July 19, 2012
Four innovative exhibitions dominate the new season at the Mount Holyoke College Art Museum (MHCAM). Featuring works in three galleries ranging from contemporary sculpture and relief artists, to Ancient Mesoamerican ceramics in a fourth, the exhibitions present an unique opportunity for viewers to see some of the works in the collection that are either newly acquired or rarely on view.
Celebrating its recent acquisition of the complete 15-image suite of prints, MHCAM is pleased to present:
Kara Walker: Harper’s Pictorial History of the Civil War (Annotated): August 31–December 23, 2012
Throughout her career, Kara Walker has combined exquisite technique with biting social commentary. Her large-scale print suite Harper’s Pictorial History of the Civil War (Annotated) is considered by many to be her quintessential work in a multiple format and among the most important works in her oeuvre to date. In it she juxtaposes Harper’s version of the American Civil War with images of her own that question the notion that slavery ended with the war. Her works insist that we reconsider the semi-official narrative and the true plight of both African Americans and women during the war and beyond—an insistence that asserts the continuing centrality of race in our nation.
Beautifully drawn, and printed with rare skill, Walker’s prints vacillate between sumptuousness and fury. Images originally published as wood engravings are enlarged through lithography and become backdrops for Walker’s signature silhouettes executed in silk screen. The portfolio was printed at the renowned LeRoy Neiman Center for Print Studies in New York.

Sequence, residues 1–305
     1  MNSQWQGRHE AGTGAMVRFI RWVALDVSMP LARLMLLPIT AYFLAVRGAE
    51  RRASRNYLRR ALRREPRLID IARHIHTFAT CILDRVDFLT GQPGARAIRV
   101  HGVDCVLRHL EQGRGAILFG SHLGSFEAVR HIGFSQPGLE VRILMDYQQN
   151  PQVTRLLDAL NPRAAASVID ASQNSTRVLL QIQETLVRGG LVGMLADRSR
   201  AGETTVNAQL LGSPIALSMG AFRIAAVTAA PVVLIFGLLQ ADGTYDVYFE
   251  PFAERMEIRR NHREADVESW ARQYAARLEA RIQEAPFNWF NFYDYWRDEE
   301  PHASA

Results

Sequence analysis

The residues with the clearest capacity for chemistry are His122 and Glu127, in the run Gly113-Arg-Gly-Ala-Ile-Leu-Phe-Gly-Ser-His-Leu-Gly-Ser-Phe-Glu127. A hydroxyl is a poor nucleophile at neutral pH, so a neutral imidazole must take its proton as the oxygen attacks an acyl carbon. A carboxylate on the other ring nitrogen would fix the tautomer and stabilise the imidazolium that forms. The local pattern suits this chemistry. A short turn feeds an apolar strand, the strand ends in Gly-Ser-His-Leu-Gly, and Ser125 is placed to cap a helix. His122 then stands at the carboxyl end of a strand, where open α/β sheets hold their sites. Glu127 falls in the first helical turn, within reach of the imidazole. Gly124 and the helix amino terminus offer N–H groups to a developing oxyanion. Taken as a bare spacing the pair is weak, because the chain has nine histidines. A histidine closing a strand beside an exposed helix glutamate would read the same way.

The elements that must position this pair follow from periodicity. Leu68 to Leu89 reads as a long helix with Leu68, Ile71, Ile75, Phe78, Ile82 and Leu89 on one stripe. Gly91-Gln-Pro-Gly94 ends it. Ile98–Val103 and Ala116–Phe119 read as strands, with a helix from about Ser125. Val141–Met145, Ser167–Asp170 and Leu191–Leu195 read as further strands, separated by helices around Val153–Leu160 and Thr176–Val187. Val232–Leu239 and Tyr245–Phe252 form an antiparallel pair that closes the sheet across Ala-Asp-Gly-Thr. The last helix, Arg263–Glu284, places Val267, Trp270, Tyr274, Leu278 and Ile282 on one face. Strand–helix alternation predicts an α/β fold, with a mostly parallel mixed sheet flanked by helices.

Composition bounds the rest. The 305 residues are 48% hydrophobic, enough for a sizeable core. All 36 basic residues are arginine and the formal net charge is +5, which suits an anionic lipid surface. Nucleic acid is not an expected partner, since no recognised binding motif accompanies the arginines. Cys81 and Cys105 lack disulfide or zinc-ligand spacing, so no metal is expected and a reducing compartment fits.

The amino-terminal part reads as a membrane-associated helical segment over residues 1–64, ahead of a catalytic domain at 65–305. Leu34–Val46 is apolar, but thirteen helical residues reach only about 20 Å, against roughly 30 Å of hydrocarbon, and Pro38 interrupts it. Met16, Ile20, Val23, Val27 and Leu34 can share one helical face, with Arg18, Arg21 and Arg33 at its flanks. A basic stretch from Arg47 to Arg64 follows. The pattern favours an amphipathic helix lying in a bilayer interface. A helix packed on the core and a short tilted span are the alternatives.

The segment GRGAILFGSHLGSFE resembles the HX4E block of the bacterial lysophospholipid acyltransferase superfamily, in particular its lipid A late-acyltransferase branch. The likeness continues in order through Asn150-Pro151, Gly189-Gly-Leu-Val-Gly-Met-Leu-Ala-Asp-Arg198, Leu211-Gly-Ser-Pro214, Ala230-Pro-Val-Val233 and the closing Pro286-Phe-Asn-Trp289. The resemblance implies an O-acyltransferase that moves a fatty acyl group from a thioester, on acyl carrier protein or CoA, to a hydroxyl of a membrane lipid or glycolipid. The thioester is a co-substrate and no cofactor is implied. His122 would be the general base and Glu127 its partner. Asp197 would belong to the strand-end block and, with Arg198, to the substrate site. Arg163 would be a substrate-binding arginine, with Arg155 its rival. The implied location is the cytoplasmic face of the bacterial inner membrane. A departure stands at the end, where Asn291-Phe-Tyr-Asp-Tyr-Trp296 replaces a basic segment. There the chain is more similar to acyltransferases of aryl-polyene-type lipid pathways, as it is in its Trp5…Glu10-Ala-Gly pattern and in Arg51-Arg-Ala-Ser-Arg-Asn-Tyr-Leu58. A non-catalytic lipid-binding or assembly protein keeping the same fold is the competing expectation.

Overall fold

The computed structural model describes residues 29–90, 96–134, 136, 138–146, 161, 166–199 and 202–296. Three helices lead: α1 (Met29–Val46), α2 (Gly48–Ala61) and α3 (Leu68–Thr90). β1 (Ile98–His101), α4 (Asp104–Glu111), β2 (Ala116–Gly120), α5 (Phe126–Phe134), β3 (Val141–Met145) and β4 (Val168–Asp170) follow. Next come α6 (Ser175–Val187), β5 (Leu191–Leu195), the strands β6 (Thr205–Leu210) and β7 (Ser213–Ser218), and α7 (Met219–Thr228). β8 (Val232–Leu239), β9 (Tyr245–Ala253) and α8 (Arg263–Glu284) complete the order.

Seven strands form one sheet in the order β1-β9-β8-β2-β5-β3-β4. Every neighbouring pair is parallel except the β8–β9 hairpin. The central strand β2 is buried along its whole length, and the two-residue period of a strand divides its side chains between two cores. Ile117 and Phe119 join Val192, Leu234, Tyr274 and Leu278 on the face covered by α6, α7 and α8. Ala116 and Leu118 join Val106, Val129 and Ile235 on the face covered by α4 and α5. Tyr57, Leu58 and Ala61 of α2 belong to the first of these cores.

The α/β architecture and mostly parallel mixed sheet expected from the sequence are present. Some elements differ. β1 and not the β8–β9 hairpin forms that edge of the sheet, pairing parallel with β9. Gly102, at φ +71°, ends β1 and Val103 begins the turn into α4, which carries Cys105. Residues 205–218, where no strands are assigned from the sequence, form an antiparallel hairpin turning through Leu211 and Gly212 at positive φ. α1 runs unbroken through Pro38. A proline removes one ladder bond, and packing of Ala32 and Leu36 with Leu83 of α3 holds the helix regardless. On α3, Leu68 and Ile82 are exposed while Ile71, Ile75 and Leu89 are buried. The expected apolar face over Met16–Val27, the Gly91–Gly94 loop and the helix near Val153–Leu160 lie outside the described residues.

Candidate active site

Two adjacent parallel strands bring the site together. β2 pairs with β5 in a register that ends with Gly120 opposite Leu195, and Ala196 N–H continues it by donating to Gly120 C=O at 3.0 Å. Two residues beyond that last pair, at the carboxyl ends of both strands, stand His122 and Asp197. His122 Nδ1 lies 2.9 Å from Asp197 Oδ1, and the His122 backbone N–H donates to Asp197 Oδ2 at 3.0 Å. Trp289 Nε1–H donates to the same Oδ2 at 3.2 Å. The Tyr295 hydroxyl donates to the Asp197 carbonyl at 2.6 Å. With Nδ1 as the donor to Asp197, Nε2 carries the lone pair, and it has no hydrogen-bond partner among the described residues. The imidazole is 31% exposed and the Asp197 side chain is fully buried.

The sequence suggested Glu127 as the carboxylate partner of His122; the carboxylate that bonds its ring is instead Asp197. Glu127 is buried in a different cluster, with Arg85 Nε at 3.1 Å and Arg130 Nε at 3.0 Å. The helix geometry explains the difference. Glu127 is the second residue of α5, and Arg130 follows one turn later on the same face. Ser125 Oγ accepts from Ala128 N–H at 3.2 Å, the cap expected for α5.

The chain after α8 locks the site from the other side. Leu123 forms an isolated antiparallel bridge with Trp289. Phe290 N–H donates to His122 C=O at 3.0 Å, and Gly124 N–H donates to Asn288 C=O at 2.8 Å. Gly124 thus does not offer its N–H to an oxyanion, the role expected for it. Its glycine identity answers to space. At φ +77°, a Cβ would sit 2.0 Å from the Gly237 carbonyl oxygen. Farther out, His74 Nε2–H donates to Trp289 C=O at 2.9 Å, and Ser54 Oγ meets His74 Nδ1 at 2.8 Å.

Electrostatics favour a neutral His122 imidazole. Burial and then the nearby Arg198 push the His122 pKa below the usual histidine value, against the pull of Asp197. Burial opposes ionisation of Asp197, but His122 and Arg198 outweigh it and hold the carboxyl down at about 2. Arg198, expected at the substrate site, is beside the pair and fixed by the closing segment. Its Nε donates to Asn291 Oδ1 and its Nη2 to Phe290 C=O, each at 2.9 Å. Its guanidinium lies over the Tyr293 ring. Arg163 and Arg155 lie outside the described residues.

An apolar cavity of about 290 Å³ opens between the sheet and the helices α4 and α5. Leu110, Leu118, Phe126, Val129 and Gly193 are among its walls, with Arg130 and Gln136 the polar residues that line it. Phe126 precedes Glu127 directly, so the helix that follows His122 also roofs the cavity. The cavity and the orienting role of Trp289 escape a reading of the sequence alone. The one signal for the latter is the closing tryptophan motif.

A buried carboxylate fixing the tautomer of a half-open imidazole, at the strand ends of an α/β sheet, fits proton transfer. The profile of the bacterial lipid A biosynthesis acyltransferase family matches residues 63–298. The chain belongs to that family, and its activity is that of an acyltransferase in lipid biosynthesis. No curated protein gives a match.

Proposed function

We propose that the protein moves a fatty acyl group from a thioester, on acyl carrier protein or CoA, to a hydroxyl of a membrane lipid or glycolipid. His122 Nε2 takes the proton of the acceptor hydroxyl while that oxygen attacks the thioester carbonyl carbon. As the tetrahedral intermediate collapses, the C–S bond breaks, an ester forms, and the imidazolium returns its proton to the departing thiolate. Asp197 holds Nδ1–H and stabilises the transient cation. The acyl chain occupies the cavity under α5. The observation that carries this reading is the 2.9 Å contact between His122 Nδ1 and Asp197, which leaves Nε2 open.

First published by Alfred H. Guernsey and Henry Mills Alden in 1866 after the war had ended, the original two-volume anthology, Harper’s Pictorial History of the Civil War, is a collection of images and essays intended by the editors to illustrate the history of the great conflict.
Walker's education includes an MFA from the Rhode Island School of Design in Painting/Printmaking, and a BFA in Painting/Printmaking at the Atlanta College of Art. When she received the MacArthur Award in 1997 (three years after completing her MFA) she was one of the youngest recipients to date. She represented the United States at the Bienal de São Paulo in 2002 and has had numerous one-person exhibitions including a full
survey at the Walker Art Center in 2007.
This exhibition features a selection of outstanding works on paper by prominent African American artists, all produced at the acclaimed Experimental Printmaking Institute (EPI) at Lafayette College in Easton, Pennsylvania. On view are a range of printmaking processes including serigraphs, relief prints, color etchings, and lithographs by eight internationally renowned artists: Emma Amos, David C. Driskell, Melvin Edwards, Sam Gilliam, Robin Holder, Joseph Holston, Curlee Raven Holton, and Faith Ringgold.
Under the direction of founder and master printer Professor Curlee Raven Holton, the Experimental Printmaking Institute has become known for its dynamic and collaborative approach allowing artists, students, and printers from diverse backgrounds to experiment with traditional printmaking techniques and to create new bodies of work. Holton established EPI in 1996 “as a way to create a living classroom that embraces diversity, creativity, and collaboration.” Over the years, the Institute has generated works of art that have been showcased internationally in traveling exhibitions and now figure prominently in collections worldwide.